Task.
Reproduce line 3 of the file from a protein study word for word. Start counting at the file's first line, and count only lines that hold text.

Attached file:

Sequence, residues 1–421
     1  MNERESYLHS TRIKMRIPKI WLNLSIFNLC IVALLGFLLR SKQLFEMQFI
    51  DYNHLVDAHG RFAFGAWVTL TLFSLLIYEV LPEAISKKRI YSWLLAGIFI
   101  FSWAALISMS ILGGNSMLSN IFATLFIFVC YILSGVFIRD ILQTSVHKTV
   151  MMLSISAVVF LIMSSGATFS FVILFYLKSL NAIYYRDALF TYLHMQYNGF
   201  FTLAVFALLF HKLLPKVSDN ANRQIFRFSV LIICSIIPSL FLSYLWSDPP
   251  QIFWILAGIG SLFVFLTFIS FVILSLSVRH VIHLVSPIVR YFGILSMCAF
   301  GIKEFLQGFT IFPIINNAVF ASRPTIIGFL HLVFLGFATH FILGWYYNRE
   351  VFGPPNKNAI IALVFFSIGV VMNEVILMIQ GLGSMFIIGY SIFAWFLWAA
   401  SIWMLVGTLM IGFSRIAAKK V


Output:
    51  DYNHLVDAHG RFAFGAWVTL TLFSLLIYEV LPEAISKKRI YSWLLAGIFI